Sleep

Sleep

Sleep is essential to our health and well-being.  Lack of sleep can adversely affect us in many ways.  A good night’s sleep helps us form new learning pathways in the brain but is also necessary for those pathways to work well.  Sleep allows our cardiovascular system to enter a state of rest and allows the body the time it needs to repair and reproduce necessary hormones.  Lack of sleep makes us irritable which can impact on our relationships and increase depression.  Poor focus and confusion are also common problems that occur with lack of sleep and can contribute to accidents, poor decision making and/or high risk behavior.  Studies have shown that driving while sleep deprived can be as dangerous as driving while intoxicated.  Reduced sleep puts our body under stress which causes a release of adrenaline, cortisol and other stress hormones which over prolonged periods of time can be harmful to our overall health. Insufficient sleep can put us at risk for heart attack and stroke as well development of chronic diseases like hypertension, diabetes, lipid disorders & obesity.  It also negatively impacts our ability to fight infection. 

Sleep disorders include insomnia, restless leg syndrome & narcolepsy. 

(Obstructive Sleep Apnea is discussed under a separate menu item)

Insomnia is the feeling of inadequate or poor-quality sleep because of one or more of the following: trouble falling asleep (Initial Insomnia); trouble remaining asleep through the night (Middle Insomnia); waking up too early (Terminal Insomnia); or unrefreshing sleep for at least one month. These can all lead to daytime drowsiness, poor concentration and the inability to feel refreshed and rested upon awakening.

Restless Leg Syndrome is a neurological disorder characterized by throbbing, pulling, creeping, or other unpleasant sensations in the legs and an uncontrollable, and sometimes overwhelming, urge to move them. Symptoms occur primarily at night when a person is relaxing or at rest and can increase in severity during the night. Moving the legs relieves the discomfort. Often called paresthesias (abnormal sensations) or dysesthesias (unpleasant abnormal sensations), the sensations range in severity from uncomfortable to irritating to painful.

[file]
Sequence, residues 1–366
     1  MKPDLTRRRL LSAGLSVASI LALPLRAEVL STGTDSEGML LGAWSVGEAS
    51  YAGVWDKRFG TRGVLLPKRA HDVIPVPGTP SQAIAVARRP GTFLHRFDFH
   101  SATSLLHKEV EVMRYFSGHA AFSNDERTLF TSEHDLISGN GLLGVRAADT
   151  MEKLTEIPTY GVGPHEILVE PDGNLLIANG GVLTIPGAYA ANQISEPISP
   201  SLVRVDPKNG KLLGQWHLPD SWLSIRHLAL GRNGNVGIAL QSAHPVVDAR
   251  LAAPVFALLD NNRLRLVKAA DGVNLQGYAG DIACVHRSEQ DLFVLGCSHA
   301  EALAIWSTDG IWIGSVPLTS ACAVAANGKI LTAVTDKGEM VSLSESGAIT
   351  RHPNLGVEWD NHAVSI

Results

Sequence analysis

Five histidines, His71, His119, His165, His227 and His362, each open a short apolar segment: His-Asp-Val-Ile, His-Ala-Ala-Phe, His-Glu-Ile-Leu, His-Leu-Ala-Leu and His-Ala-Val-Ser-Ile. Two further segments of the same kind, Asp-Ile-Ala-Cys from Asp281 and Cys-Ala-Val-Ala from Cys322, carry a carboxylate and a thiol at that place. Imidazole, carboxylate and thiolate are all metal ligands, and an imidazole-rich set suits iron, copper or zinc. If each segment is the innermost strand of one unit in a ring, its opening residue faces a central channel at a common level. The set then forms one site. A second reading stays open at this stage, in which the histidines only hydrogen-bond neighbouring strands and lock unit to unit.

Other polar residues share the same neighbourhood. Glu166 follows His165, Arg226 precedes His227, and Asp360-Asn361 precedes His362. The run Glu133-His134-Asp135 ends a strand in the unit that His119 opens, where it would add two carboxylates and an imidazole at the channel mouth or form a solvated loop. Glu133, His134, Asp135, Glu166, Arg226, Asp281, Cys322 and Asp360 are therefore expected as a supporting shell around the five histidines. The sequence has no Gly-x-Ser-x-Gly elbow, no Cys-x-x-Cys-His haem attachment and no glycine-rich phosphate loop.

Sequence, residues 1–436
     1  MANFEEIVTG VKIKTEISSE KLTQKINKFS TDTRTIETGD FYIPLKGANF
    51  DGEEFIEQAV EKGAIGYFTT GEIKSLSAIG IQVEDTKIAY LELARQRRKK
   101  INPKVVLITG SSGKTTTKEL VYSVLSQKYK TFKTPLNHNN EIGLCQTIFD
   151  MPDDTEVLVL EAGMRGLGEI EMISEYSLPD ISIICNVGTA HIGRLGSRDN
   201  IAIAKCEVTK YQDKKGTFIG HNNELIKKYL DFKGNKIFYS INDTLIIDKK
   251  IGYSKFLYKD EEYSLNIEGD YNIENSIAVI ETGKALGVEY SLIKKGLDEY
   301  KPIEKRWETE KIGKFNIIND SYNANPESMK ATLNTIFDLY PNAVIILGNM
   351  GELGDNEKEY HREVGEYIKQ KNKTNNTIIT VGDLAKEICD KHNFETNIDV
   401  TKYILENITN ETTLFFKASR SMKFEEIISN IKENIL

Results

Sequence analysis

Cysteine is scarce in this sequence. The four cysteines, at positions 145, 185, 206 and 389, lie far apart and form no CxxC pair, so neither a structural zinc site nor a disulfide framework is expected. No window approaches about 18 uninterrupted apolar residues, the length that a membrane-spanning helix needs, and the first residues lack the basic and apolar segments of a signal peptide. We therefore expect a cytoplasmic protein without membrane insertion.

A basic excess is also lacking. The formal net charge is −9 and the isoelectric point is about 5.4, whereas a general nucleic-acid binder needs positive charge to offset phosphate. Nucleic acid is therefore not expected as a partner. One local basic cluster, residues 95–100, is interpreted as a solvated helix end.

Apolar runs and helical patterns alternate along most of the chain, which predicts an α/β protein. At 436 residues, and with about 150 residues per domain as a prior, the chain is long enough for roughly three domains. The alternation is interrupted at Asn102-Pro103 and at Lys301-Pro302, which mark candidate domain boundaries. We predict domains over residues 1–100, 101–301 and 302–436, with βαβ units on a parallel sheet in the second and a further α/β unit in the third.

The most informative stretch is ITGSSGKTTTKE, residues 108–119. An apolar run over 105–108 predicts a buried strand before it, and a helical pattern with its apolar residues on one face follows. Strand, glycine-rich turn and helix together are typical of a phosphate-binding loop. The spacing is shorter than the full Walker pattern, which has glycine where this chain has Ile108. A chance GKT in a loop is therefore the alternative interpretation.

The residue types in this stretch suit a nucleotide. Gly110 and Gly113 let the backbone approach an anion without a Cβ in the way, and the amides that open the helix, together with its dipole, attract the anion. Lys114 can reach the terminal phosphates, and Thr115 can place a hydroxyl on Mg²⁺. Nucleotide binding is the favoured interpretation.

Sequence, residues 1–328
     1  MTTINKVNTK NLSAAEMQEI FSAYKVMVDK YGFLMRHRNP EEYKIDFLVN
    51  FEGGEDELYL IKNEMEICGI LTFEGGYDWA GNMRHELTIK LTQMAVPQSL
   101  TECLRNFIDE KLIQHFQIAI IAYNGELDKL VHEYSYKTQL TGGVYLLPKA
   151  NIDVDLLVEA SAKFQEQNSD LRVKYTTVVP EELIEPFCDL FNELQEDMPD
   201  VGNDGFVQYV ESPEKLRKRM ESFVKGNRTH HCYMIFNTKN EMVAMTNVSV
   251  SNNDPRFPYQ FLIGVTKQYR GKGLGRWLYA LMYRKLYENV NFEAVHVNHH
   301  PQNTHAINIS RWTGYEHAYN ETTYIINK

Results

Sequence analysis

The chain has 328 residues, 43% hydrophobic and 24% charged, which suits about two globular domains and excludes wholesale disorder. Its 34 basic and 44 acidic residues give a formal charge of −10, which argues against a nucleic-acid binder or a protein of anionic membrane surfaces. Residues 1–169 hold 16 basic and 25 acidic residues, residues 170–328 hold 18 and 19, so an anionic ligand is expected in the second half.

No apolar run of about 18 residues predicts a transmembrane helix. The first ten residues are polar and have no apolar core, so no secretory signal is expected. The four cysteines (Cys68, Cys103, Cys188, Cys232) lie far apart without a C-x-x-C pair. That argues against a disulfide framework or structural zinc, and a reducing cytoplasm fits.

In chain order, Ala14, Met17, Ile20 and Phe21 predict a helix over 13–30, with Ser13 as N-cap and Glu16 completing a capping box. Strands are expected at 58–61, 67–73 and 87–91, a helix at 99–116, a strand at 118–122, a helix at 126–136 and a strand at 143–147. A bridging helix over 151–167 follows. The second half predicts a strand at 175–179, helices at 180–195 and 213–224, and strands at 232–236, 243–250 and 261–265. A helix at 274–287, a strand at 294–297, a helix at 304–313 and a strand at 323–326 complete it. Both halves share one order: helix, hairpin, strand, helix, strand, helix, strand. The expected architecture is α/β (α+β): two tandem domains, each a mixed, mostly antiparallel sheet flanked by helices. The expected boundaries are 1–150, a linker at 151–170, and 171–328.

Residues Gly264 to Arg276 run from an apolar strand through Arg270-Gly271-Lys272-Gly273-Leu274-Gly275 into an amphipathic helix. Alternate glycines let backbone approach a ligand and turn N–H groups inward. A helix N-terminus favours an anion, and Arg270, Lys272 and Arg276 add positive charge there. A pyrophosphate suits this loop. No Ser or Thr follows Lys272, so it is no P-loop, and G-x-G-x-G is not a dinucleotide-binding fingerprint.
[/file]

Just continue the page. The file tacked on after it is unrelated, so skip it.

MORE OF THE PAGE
Narcolepsy is a neurological disorder that affects the control of sleep and wakefulness with rapid eye movement (REM) sleep intrusion into the wake state. In its classic form, seen in only 10% to 15% of cases, it is characterized by a combination of symptoms that include excessive daytime sleepiness, cataplexy (generalized muscle weakness leading to partial or complete collapse), hypnagogic/hypnopompic hallucinations (visual or auditory perceptions on falling asleep or on awakening), and sleep paralysis.

How much sleep do I need?

Everyone’s sleep needs vary but on average per night:

  • Healthy adults need 8-8.5 hours of sleep   
  • Newborns need 16-18 hours of sleep
  • Pre-school children need 11-12 hours of sleep
  • School-aged children and adolescents need 10 hours of sleep   
  • Sleep cycles can also change over the life cycle

For information about sleep disorders, healthy sleep habits and where to go for help please review the following websites:

http://www.healthypeople.gov/2020/topicsobjectives2020/overview.aspx?topicid=38

http://www.nhlbi.nih.gov/health/public/sleep/healthy_sleep.pdf

http://www.nhlbi.nih.gov/health/public/sleep/healthysleepfs.pdf

http://healthfinder.gov/HealthTopics/Category/everyday-healthy-living/mental-health-and-relationship/get-enough-sleep

http://www.cdc.gov/sleep/

http://nihseniorhealth.gov/sleepandaging/aboutsleep/01.html

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